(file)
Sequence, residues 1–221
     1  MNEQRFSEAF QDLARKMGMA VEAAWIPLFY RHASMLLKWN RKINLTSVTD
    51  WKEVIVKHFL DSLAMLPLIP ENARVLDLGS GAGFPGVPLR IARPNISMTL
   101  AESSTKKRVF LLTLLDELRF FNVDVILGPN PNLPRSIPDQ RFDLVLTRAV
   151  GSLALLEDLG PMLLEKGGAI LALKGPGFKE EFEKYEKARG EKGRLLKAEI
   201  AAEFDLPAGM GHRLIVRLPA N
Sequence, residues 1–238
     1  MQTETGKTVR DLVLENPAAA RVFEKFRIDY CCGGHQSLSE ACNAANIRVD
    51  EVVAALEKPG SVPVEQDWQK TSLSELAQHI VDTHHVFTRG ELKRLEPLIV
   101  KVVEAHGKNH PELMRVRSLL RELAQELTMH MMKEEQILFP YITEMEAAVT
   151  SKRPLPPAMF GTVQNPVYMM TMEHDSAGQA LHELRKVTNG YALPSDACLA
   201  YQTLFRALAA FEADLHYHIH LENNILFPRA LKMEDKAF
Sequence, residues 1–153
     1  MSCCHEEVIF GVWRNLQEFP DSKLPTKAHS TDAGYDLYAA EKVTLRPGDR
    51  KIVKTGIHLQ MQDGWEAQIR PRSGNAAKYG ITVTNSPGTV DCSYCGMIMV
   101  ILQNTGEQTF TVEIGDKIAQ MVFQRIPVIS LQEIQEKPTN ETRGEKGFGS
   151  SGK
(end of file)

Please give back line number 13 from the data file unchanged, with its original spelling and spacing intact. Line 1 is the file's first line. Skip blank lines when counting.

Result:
Sequence, residues 1–153